Chilika Lake

Chilika Lagoon lies in the districts of Puri, Khurda and Ganjam of Odisha State along the eastern coast of India. It is the largest brackish Water Lagoon with estuarine character that sprawls along the east coast. It is the largest wintering ground for migratory waterfowl found anywhere on the Indian sub-continent.

It is one of the hotspots of biodiversity in the country, and some rare, vulnerable and endangered species listed in the IUCN Red List of threatened Animals inhabit in the lagoon for at least part of their life cycle. On account of its rich biodiversity and ecological significance, Chilika was designated as the 1st "Ramsar Site" of India.

The Nalabana Island within the Chilika lagoon is notified as a Bird Sanctuary under Wildlife (Protection) Act, the National Wetlands, mangroves and coral reefs Committee of Ministry of Environment & Forests, Government of India, have also identified the lagoon as a priority site for conservation and management.

Current Affair 10:
Lone, rare migratory eagle sighted in Andhra Pradesh

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 A lone endangered Steppe Eagle (Aquila nipalensis) has been sighted by a group of birdwatchers in a paddy field near Vijayawada in Andhra Pradesh.

Current Affair 11:
Henley Passport Index 2020

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Henley & Partners, the residence and citizenship planning firm has published the Henley Passport Index for 2020.

The Henley Passport Index is the original ranking of all the world’s passports according to the number of destinations their holders can access without a prior visa. The ranking is based on exclusive data from the International Air Transport Association (IATA), which maintains the world’s largest and most accurate database of travel information and enhanced by ongoing research by the Henley & Partners Research Department.

The Indian passport’s 2020 ranking of 84th translates into visa-free access to 58 destinations, including 33 which give Indians visas on arrival.

Twenty of the 58 visa-free access destinations in the 2020 list are in Africa, and 11 each in Asia and the Caribbean. Serbia is the only European country to which Indian passport holders can travel visa-free. There is no major or developed country to which Indian passport holders have visa-free access.

The top 10 most powerful passports this year are ranked in this order: Japan, Singapore, South Korea, Germany, Italy, Finland, Spain, Luxembourg and Denmark

Current Affair 12:
Telecommunication Consumers Education and Protection Fund

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Understand from basic:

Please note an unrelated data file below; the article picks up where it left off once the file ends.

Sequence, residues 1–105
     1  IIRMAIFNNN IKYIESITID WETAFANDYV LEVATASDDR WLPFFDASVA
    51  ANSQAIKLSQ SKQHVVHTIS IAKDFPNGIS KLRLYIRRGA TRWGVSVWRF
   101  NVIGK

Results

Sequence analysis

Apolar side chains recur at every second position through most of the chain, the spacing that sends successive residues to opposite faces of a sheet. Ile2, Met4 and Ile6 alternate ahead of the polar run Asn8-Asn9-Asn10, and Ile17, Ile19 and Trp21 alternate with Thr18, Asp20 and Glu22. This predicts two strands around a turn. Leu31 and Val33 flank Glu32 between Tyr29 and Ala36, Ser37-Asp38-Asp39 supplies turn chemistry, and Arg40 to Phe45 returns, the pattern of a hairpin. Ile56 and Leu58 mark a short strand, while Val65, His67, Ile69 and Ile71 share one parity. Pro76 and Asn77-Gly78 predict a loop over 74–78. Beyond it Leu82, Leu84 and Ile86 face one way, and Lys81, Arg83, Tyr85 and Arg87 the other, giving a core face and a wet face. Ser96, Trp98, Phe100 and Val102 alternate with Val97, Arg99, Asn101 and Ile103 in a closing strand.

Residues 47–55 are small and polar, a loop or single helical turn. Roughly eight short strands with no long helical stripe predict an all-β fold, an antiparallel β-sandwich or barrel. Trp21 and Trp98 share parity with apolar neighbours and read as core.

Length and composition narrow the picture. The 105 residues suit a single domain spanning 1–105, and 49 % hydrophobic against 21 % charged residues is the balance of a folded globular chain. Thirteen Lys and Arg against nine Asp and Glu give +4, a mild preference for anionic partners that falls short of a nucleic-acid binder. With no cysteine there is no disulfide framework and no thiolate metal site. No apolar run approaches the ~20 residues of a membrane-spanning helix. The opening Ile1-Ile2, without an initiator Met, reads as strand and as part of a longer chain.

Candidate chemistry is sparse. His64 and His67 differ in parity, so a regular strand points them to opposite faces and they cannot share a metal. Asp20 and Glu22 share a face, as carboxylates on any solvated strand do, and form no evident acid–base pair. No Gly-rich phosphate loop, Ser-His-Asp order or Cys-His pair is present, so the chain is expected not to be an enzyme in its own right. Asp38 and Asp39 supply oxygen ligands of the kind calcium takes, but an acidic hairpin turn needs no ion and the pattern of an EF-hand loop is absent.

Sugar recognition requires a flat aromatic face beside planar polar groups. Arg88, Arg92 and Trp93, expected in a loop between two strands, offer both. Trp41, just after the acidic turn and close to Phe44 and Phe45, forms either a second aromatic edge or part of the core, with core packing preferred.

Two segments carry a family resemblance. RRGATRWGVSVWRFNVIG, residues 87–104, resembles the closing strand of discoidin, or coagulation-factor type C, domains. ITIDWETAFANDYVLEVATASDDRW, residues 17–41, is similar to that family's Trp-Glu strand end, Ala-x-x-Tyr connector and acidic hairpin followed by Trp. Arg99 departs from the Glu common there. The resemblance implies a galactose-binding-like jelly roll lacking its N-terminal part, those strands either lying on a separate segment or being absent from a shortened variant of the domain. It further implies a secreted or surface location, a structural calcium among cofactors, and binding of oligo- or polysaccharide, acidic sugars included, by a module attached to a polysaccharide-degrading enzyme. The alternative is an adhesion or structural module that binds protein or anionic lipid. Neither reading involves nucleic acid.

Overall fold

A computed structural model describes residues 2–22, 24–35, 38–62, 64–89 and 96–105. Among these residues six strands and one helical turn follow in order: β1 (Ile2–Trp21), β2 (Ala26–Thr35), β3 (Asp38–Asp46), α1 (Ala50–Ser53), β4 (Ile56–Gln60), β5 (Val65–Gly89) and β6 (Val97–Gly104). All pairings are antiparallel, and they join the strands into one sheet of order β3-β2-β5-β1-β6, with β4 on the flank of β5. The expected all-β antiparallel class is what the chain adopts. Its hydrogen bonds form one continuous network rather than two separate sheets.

The Telecom Regulatory Authority of India had notified the Telecommunication Consumers Education and Protection Fund Regulations, 2007 [hereinafter referred to as the principal regulations] on 15th June 2007. In terms of these regulations, a fund called “Telecommunication Consumers Education and Protection Fund” (TCEPF) has been created. The income from the fund is utilized to undertake programmes and activities relating to consumer education and protection.

As per the current framework any excess charges revealed in the billing audit should be refunded to consumers. However, if a service provider is not able to refund the amount despite its attempt within the time period permitted by the regulations, the service provider has to deposit the unclaimed/unrefunded amount into the TCEPF.

When problem started?

The Authority noticed that there is some inconsistency on the grounds on which money is being deposited by service providers. Interactions held with service providers and analysis of the amount deposited, have revealed that while some service providers are depositing money only on account of excess billing revealed in the audit, some other service providers are depositing unclaimed money such as security deposits and plan charges of failed activations which they are unable to refund to the consumers because of non-traceability of the consumers. It is prudent to deposit any such unclaimed/un refundable amount belonging to consumers in the TCEP fund as it will be utilized for the welfare measures of the consumers.

Accordingly, it was felt that an amendment in the TCEPF regulation may be carried out to remove any kind of ambiguity and facilitate deposit of any unclaimed money of the consumer such as excess charges, security deposit, plan charges of failed activations. So, came with:

No need to know more than this about this Fund.

Current Affair 13:
34,000 Bru refugees to be settled in Tripura

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Why in news?

Displaced Bru tribals from Mizoram, living as refugees in Tripura since 1997, were allowed to permanently settle in Tripura. This was facilitated by an agreement between Government of India, Governments of Tripura and Mizoram and Bru-Reang representatives in New Delhi to end the 23-year old Bru-Reang refugee crisis.

About Bru Refugees

The Brus are spread across Tripura, Mizoram and parts of southern Assam--are the most populous tribe in Tripura. Also known as Reangs in the state, they are ethnically different from the Mizos, with their own distinct language and dialect and form one of the 21 scheduled tribes of Tripura. In Mizoram, they are largely restricted to few districts.

In 1997, following ethnic tension, around 5,000 families comprising around 30,000 Bru-Reang tribals were forced to flee Mizoram and seek shelter in Tripura. These people were housed in temporary camps at Kanchanpur, in North Tripura.  Since 2010, Government of India has been making sustained efforts to permanently rehabilitate these refugees. The Union government has been assisting the two State governments for taking the care of the refugees. Till 2014, 1622 Bru-Reang families returned to Mizoram in different batches.

 On 3rd July 2018, an agreement was signed between the Union government, the two State governments and representatives of Bru-Reang refugees, as a result of which the aid given to these families was increased substantially.